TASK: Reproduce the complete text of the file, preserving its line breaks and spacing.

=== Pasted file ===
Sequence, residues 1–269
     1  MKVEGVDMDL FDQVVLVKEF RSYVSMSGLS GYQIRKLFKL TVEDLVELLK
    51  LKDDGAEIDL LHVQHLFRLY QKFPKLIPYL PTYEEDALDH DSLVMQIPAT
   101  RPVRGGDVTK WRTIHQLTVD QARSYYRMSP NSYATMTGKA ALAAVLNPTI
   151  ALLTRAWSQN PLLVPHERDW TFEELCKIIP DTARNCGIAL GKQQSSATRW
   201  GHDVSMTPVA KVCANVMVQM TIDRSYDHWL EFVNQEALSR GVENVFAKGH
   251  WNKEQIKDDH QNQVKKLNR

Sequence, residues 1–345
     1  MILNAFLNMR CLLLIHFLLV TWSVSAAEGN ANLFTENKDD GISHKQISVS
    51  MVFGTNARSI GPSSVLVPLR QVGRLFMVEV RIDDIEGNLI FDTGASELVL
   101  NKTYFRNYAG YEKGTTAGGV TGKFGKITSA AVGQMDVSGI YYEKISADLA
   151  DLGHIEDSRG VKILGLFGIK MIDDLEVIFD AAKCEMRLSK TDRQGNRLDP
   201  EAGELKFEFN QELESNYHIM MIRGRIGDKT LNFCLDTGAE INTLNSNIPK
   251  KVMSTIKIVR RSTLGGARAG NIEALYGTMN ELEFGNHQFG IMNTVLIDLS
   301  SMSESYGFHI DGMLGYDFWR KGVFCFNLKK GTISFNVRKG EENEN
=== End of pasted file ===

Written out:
Sequence, residues 1–269
     1  MKVEGVDMDL FDQVVLVKEF RSYVSMSGLS GYQIRKLFKL TVEDLVELLK
    51  LKDDGAEIDL LHVQHLFRLY QKFPKLIPYL PTYEEDALDH DSLVMQIPAT
   101  RPVRGGDVTK WRTIHQLTVD QARSYYRMSP NSYATMTGKA ALAAVLNPTI
   151  ALLTRAWSQN PLLVPHERDW TFEELCKIIP DTARNCGIAL GKQQSSATRW
   201  GHDVSMTPVA KVCANVMVQM TIDRSYDHWL EFVNQEALSR GVENVFAKGH
   251  WNKEQIKDDH QNQVKKLNR

Sequence, residues 1–345
     1  MILNAFLNMR CLLLIHFLLV TWSVSAAEGN ANLFTENKDD GISHKQISVS
    51  MVFGTNARSI GPSSVLVPLR QVGRLFMVEV RIDDIEGNLI FDTGASELVL
   101  NKTYFRNYAG YEKGTTAGGV TGKFGKITSA AVGQMDVSGI YYEKISADLA
   151  DLGHIEDSRG VKILGLFGIK MIDDLEVIFD AAKCEMRLSK TDRQGNRLDP
   201  EAGELKFEFN QELESNYHIM MIRGRIGDKT LNFCLDTGAE INTLNSNIPK
   251  KVMSTIKIVR RSTLGGARAG NIEALYGTMN ELEFGNHQFG IMNTVLIDLS
   301  SMSESYGFHI DGMLGYDFWR KGVFCFNLKK GTISFNVRKG EENEN